Asthma And Pregnancy
Asthma is one of the most common potentially life-threatening condition complicating pregnancy. It is estimated that currently, asthma affects 4% to 8% of pregnant women and is increasing steadily. In general well controlled asthma is not associated with a higher risk of adverse pregnancy outcomes and it seldom occur for the first time during pregnancy.
The most common cause of asthma in pregnancy is due to non-compliance with medicines. It is seen that during pregnancy, about one third of the asthmatic pregnant women experience their asthma symptoms and condition worsen. However, one third of the asthmatic women feel better during pregnancy.
Asthma exacerbation are more frequent at the beginning of the third trimester of pregnancy and improves a few weeks before labor. It also shows that during pregnancy 10% of the pregnant women suffering from asthma seek emergency care.
Oxygen is important for the well being of the mother and the fetus. Every pregnant woman needs a proper treatment to maintain normal lung functions and oxygen level to maintain proper oxygen supply to the fetus.
Asthma patient should receive education about maintenance and rescue medication such as how to measure PEFR by peak flow meter, the proper use of inhalers, asthma prevention and adherence of asthma action plan. Patient should also learn more about when the asthma is worsening and when to contact the doctor.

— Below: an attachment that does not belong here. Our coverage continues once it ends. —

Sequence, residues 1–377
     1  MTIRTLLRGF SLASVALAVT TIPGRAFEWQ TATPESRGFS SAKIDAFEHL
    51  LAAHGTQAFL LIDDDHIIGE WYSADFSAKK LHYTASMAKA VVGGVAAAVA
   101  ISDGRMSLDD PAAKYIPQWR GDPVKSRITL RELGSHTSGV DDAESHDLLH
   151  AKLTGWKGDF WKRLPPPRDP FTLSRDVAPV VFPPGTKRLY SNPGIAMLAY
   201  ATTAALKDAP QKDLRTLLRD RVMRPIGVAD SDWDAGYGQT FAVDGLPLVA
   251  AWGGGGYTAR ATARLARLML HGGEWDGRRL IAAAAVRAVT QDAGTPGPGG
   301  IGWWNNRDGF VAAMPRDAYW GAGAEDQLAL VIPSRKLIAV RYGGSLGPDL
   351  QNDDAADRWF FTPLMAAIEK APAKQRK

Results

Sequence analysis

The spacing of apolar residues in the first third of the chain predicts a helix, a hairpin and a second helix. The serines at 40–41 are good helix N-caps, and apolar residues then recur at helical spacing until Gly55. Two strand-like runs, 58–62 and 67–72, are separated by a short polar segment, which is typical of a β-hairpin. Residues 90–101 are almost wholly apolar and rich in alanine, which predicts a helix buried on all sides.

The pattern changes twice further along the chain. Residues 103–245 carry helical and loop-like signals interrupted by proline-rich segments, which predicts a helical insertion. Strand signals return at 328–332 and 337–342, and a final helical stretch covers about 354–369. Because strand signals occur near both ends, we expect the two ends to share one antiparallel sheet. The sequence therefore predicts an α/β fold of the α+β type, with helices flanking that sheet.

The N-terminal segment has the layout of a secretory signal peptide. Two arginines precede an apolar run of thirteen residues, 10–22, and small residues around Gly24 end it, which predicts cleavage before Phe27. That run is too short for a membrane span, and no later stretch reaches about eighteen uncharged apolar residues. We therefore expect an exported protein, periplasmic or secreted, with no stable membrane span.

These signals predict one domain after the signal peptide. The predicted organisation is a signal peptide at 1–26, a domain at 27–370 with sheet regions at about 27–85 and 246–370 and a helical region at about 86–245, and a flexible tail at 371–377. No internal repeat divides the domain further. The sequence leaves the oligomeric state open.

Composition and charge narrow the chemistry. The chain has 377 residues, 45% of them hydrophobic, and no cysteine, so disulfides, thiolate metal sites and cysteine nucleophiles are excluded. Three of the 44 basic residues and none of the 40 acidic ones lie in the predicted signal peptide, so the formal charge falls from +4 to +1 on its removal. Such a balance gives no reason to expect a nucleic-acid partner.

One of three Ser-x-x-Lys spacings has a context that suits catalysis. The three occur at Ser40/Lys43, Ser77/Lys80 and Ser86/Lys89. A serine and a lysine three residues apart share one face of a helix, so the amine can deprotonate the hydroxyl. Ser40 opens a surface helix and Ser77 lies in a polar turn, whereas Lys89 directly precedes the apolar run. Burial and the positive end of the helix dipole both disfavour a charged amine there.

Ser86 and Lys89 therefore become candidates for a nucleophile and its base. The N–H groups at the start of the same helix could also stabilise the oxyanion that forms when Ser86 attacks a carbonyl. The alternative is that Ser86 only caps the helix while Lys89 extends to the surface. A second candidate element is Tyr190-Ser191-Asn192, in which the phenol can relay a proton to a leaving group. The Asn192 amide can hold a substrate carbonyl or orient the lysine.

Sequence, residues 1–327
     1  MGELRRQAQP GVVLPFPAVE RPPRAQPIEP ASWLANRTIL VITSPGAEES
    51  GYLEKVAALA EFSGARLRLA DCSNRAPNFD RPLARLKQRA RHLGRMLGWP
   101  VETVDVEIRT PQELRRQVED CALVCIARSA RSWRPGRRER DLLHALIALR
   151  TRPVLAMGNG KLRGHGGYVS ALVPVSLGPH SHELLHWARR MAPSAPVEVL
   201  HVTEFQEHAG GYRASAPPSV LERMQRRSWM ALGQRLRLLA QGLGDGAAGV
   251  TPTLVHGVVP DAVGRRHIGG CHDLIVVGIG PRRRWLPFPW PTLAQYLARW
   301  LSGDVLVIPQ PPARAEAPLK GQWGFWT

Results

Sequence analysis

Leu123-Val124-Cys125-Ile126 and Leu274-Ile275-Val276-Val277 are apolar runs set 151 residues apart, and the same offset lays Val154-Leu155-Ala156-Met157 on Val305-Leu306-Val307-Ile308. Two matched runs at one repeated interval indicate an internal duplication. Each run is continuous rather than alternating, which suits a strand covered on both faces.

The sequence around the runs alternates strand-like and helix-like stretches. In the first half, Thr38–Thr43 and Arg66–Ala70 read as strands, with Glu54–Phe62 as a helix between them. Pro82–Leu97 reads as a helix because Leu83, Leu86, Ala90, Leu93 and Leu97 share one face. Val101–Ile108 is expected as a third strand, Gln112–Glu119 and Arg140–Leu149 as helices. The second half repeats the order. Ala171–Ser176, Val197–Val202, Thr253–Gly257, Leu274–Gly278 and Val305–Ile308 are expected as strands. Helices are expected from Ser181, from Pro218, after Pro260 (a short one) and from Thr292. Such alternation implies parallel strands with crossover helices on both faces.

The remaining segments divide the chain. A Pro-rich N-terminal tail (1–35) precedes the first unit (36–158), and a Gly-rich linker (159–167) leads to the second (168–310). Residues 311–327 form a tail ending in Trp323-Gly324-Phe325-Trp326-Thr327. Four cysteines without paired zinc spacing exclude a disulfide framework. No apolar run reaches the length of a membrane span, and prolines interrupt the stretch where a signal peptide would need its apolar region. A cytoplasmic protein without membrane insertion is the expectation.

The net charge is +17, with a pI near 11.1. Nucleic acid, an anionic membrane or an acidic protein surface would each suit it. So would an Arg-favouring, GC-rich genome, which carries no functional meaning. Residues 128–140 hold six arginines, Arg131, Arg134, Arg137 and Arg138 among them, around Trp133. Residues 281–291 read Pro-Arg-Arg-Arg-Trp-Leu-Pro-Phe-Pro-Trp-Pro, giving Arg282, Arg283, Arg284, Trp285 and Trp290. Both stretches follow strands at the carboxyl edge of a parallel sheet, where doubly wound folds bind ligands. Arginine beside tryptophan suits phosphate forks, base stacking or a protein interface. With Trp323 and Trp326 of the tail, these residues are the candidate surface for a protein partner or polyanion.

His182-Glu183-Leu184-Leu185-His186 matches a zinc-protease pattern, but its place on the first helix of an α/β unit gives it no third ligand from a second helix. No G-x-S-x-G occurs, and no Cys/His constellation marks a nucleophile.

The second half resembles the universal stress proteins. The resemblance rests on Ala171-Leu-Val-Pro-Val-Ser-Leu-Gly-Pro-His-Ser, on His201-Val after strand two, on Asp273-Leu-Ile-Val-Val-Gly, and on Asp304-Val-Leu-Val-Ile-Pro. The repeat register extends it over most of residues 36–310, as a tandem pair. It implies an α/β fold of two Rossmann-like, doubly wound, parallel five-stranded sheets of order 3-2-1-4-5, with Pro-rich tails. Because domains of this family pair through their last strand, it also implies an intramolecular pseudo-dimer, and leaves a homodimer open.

Spirometry is the preferred method for pulmonary function testing during outpatient visits. However, peak expiratory flow measurement with a peak flow meter is also sufficient.
Effect of Asthma on mothers:
Prolonged hospital stay.
Fetal complications include:
Increased risk of perinatal mortality
Intra uterine growth retardation.
Low birth weight.
Neo natal hypoxia.
Other diseases mimicking asthma during pregnancy:
Pulmonary embolism Amniotic fluid embolism
Upper airway cough (Rhinitis, sinusitis, reflux)
Goals of asthma control during pregnancy:
The American College of Obstetricians and Gynecologists (ACOG) has issued a practice bulletin for management of asthma during pregnancy.
The new recommendations appear in the February issue of Obstetrics & Gynecology 2008 includes
Prevent hypoxic episodes in mother there by maintaining adequate fetal oxygenation.
Monitor lung functions by Spirometry preferred.
Avoid and controlling asthma triggers.
Individualized pharmacotherapy to maintain normal pulmonary functions.
Control day time and nocturnal symptoms.
Maintain normal activity levels including exercise.
Prevent acute exacerbation of asthma.
No emergency department visit or hospitalization.
Avoid adverse effects of medications to mother and child.
Deliver to a healthy child.